If these chicks are not the six luckiest in all creation, they are certainly in the top ten percent.
I’ve been leaving them with only the ceramic heat lamp and the Brinsea overnight, which is to say…in the dark. They get nervous and peep a lot when the exterior coop door closes, but they’re still alive and active in the morning, so I was feeling pretty good about their treatment.
Sunday evening, The Man turns to me and says, “it’s to go down to 30 tonight”, and I’m all “whuuuu?!” The forecast said a low of 41, but there were frost warnings just north of us. Better safe than sorry; I trudged out to the darkened coop to wrap fleece around the pink gazebo.
The chicks peeped furiously when they heard me coming, and didn’t stop the whole time I was in the coop. One crazed, intrepid SLW looked as though she was calculating the leap up to the lip of the pink gazebo, three feet from her current position. Would she make it?
When I shone the light of my iphone on the chicks, they began furiously drinking and eating, and that’s when I became concerned. Yes, chicks raised by a broody sleep all night with their mama in the dark, but they have their mama in the dark. Mine weren’t even sleeping in the warmest spot in the brooder.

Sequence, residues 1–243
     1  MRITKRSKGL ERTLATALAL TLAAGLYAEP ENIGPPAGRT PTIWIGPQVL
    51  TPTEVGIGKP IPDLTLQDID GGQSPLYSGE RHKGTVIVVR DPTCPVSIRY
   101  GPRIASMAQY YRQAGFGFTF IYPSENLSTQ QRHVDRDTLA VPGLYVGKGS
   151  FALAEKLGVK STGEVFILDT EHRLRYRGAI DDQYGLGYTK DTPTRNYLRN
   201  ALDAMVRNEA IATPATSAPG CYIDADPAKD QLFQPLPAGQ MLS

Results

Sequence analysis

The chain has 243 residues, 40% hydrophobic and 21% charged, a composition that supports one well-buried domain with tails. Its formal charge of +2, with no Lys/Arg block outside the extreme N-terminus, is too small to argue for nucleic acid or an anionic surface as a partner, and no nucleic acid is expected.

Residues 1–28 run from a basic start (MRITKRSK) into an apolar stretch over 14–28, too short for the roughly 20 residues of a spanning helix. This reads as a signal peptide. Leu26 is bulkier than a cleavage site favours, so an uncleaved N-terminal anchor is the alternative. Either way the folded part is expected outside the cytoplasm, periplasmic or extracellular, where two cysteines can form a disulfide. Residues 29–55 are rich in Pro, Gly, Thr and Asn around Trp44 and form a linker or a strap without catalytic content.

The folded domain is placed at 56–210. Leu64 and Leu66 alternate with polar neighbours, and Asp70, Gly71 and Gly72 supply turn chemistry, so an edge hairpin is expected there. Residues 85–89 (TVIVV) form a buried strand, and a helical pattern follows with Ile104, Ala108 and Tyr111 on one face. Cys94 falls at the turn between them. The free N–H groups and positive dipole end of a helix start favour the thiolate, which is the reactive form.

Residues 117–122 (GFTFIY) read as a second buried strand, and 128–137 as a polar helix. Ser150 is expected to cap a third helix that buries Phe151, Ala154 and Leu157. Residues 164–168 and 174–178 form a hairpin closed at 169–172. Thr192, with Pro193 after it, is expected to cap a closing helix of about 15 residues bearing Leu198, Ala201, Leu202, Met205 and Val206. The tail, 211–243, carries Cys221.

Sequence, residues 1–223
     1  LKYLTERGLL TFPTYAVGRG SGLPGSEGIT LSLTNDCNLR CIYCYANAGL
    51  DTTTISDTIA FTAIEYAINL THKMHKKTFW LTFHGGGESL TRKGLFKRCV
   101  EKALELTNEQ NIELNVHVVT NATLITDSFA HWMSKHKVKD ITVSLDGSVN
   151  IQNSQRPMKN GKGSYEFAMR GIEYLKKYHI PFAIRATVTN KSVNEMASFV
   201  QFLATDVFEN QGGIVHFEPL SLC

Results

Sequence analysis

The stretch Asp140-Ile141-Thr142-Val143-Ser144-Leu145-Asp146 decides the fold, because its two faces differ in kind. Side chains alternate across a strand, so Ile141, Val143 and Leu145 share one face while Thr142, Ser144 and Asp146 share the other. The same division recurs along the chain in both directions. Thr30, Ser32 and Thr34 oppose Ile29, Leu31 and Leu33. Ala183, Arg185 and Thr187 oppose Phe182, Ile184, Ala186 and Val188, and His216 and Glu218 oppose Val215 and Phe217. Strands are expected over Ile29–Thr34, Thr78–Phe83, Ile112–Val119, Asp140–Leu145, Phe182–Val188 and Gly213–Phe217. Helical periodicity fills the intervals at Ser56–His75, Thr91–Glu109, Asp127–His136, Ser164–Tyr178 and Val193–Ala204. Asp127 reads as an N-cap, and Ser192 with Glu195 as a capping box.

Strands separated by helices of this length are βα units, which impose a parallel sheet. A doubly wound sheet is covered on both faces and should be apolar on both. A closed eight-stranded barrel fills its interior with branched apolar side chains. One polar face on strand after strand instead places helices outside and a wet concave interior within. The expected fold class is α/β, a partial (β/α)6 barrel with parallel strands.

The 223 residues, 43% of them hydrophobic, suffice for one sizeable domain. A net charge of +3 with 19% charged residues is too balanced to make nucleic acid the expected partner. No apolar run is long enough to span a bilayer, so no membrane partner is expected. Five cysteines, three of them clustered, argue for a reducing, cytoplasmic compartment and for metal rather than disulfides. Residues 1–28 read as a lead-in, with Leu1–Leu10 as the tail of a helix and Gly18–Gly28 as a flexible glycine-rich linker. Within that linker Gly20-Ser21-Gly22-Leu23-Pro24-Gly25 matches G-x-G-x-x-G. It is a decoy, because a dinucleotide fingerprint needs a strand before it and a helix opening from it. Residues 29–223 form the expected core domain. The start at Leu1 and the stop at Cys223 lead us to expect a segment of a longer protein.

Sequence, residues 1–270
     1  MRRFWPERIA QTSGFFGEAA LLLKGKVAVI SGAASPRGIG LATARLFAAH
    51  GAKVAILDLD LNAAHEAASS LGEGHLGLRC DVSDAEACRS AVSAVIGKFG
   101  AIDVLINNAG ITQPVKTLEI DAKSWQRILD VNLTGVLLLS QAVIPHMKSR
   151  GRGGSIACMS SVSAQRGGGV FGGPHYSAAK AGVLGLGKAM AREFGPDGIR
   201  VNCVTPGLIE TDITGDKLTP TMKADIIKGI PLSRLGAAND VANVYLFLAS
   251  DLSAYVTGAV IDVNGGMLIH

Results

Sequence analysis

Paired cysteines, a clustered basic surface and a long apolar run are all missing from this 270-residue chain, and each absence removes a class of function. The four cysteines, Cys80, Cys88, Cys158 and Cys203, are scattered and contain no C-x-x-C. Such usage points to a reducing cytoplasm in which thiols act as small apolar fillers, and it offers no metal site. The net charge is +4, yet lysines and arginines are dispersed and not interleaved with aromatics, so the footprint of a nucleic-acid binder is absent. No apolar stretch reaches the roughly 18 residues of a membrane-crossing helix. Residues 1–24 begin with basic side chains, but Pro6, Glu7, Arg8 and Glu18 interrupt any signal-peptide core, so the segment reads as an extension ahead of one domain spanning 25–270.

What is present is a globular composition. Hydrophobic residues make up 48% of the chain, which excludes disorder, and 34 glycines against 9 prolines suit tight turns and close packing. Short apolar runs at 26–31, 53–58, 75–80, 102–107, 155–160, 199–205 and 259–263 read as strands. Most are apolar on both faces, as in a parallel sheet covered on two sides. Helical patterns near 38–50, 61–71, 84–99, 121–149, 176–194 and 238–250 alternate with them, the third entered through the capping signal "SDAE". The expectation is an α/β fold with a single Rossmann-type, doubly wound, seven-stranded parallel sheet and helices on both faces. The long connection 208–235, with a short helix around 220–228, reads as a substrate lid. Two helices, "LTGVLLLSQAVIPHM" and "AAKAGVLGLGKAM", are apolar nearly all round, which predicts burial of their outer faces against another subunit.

Last night, they got a night light. Oh, yes they did. An actual night light. I took the mini lava lamp off it (thanks, Stepdaughter the Elder!), but it is a real night light.
And it doesn’t end there. Today was a miserable, rainy, grey, cold day. It was pouring when I got up and it poured all day. It was chilly in the coop, that bone-chilling, damp kind of chilly. I began to be concerned that the chicks, for all that they had the Brinsea, might not be warm enough. My thermometer, just outside the radius of the heat lamp, was in the low 60s all morning. Their behaviour was normal, but, still…concerned.
I could lower the heat lamp, but, with all the netting strung over the brooder, this would have been a major operation, one to be undone on the first warm day. So, I decided to bring Mohammed to the heat lamp.
I took Buffy’s old wicker basket nest and inverted it, so half of it was under the heat lamp. If they were cold, they could climb up to the Lido Deck, and be at least ten degrees warmer.
They shrieked with panic and despair with I put the basket in the brooder, of course, and did not seem at all mollified by the Winnie the Pooh flannel sheets atop it, for their comfort. (You think I’m kidding, don’t you?)
They figured it out, as I knew they would. As soon as they concluded that the Lido Deck would get them closer to the heat lamp, they were on board, figuratively and literally. The Lido Deck is warm. The Lido Deck is good:
They were quiet. And quiet chicks are happy chicks.
I just said good night to everyone in the coop, and the babies were all on the Lido Deck…quiet.